My usual morning work routine was delayed this morning. I was groggier than usual when I awoke. I took advantage of a little extra sleep by opting for the later commuter bus.

Upon safe delivery to my employer a few hours later, I spotted my brother-in-law’s mother on the way to my desk. We chatted for a few minutes before heading off to our respective destinations. Nice chat.

Then I got wrapped up in checking out my workstation. Monday morning the hard drive failed. Yesterday morning a gentleman from support took it for repair. He was able to copy the contents of the drive to another and return my workstation late in the afternoon. This morning I doubled-checked for any missing or damaged files. All appeared to be as it should.

By then my stomach signaled hunger again, and this time I could not ignore it. I was craving a cranberry-orange scone from Barnes & Noble Café, 400+ sugar-laden calories be damned. My alternate choice was a huge cinnamon roll topped with cinnamon cream cheese icing. Probably tops out at over 500 sugar-laden calories.

Fortunately, to the benefit of my waistline and continued good health, B&N didn’t have any cranberry-orange scones, fresh-baked or otherwise. (And really, if you are going to indulge, do opt for fresh-baked and still hot. You’re welcome.) By the time I paid for my coffee I no longer wanted the scone or roll.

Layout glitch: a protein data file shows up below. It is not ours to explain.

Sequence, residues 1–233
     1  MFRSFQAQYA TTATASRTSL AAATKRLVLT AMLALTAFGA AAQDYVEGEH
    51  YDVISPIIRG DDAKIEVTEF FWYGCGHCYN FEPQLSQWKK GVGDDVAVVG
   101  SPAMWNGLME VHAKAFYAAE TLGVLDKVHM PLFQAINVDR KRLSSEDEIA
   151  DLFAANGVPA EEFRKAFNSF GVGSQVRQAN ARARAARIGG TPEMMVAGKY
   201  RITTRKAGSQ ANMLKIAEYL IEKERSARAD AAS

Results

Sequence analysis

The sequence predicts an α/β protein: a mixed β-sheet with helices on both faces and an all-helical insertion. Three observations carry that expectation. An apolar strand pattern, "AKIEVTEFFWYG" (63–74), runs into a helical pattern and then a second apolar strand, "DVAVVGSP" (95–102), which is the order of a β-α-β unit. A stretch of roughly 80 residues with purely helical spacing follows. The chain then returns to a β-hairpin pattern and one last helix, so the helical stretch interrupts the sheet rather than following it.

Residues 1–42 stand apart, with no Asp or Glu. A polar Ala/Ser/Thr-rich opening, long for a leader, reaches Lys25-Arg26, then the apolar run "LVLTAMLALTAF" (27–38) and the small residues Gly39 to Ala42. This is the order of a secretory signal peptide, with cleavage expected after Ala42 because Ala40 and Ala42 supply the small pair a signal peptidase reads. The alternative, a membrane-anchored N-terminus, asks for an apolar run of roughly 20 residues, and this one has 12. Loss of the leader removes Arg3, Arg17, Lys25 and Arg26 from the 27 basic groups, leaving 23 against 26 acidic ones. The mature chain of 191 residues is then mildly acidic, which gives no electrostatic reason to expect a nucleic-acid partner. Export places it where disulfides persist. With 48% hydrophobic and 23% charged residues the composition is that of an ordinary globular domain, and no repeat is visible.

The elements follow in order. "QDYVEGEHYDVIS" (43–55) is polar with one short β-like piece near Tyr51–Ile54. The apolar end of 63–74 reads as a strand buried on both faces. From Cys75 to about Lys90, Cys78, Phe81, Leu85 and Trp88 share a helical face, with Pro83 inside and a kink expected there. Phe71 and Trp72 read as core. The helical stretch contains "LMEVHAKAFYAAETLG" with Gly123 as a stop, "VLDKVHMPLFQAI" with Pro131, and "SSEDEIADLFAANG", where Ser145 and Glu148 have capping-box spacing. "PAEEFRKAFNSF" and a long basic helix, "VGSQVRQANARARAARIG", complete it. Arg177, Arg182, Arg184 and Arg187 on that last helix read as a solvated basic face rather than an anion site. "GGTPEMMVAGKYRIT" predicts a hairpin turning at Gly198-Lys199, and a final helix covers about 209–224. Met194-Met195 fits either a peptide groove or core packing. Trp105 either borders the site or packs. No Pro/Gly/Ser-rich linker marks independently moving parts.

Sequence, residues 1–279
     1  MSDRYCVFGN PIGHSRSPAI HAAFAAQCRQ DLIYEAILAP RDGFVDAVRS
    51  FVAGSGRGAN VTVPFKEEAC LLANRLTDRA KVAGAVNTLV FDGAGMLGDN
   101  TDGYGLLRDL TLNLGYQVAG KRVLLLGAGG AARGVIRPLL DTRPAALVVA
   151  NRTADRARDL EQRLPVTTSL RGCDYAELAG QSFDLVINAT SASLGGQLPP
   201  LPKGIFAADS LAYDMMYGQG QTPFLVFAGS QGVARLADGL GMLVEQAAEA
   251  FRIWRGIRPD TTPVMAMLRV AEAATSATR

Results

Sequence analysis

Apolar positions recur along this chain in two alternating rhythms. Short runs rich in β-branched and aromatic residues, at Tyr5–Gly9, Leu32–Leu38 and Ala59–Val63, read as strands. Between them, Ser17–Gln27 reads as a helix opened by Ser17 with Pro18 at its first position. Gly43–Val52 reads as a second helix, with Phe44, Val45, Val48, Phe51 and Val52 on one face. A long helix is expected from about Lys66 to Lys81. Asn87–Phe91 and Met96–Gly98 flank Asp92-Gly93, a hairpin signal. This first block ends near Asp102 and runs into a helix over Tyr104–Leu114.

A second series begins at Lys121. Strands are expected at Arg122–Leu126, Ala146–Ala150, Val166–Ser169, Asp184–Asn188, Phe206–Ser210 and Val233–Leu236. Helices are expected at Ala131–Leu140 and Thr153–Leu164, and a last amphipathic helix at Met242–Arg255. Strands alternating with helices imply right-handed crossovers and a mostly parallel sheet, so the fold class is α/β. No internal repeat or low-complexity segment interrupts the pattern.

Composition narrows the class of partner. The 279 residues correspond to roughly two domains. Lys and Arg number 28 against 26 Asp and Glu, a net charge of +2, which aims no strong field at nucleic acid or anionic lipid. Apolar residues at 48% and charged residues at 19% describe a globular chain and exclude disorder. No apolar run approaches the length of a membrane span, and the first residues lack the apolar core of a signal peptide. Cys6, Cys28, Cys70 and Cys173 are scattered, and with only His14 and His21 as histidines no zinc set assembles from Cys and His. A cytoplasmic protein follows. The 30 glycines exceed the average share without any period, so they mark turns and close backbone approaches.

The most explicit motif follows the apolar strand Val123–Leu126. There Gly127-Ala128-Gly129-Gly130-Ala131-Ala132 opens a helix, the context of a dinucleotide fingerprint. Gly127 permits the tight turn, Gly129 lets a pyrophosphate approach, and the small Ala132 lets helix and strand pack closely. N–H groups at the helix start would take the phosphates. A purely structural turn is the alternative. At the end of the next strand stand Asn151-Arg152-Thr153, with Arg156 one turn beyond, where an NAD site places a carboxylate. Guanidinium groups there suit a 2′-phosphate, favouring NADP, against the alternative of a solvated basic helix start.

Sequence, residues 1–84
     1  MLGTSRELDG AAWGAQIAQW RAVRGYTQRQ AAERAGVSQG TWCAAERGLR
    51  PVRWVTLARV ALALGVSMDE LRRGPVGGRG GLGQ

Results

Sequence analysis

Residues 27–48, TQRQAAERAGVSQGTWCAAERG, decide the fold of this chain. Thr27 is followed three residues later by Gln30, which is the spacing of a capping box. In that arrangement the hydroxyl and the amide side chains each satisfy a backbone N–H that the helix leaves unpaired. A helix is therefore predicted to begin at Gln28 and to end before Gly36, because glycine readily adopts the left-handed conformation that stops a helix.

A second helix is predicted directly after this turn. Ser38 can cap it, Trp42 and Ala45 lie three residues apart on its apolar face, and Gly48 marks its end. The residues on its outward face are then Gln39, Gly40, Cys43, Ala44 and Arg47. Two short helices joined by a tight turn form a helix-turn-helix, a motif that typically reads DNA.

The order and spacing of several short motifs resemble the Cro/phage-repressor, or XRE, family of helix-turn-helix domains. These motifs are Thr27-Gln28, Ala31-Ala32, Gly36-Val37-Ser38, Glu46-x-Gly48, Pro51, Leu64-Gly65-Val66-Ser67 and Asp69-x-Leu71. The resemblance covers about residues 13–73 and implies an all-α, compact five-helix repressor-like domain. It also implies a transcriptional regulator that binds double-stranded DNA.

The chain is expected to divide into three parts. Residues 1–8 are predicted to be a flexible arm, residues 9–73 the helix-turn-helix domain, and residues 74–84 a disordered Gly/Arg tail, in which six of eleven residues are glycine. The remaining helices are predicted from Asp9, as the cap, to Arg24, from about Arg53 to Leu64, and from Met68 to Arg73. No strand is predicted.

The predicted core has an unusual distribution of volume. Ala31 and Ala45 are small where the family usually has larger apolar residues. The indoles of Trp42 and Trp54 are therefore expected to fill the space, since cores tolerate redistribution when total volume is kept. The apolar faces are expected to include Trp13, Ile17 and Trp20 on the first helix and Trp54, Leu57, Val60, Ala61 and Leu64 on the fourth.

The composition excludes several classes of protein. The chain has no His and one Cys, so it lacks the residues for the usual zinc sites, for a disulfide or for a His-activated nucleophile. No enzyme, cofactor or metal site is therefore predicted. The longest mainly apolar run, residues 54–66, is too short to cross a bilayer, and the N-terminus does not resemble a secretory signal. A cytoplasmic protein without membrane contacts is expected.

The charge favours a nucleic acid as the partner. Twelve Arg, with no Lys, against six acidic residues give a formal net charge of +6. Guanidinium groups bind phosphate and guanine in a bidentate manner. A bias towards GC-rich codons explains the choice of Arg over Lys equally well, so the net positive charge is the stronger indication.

Ultimately, I ended up skipping breakfast altogether. Not a recommended habit, but occasionally is fine.

The peanut butter bacon cheeseburger and fries at lunch made up for the caloric deficit.


More than a spoonful of sugar

Let’s go back two or three weeks. Maybe it was four, but surely no more than that. How long ago is of little consequence to the fascinating educational joyride you are about to embark.

I am on my way to lunch, and notice a display table in the employee cafeteria. A sign called to me: how many spoonfuls of sugar in the bottle of Sierra Mist Natural? Closest guess earns a copy of The New Mayo Clinic Cookbook. I’m a bit of a sucker for a good cookbook at no monetary expense to myself, so I’m game.

First things first. (1) What kind of spoon, and (2) how much fluid in the bottle? Teaspoons, and the label says 15.7 fl oz.

After getting lunch and finding a table, I whip out my trusty Windows Phone for a little Internet research and calculation.

How many grams of sugar per teaspoon? I find multiple answers, and see the more reliable sources agree with each other on 12.55g per tablespoon. Good enough. I will multiple my answer by 3 for teaspoons.

How many grams sugar in the bottle? I could have read the label, but didn’t think to do that. Multiple Internet sources agree on 25g per 8 fl oz of Sierra Mist Natural. A little math (15.7oz / 8oz * 25g) yields 49.0625g sugar in the bottle. I’ll round that number in my final answer.

Finishing up, I do the math on 49.0625g / 12.55g per Tbsp * 3 tsp per Tbsp. I stop by the table again, on my way out of the cafeteria, and record my entire answer: 11.73 tsp sugar in a 15.7 fl oz bottle of Sierra Mist Natural.

11.73 tsp is almost 4 Tbsp. For comparison, 4 Tbsp is 1/4 cup. That’s a lot of sugar in one beverage. Oh, the label says 8 fl oz is a serving. But how many people stop at 8? Not many.

Fast forward back to the present.

I received an email telling me I won the cookbook for having the closest guess. I have to smile, because I didn’t guess.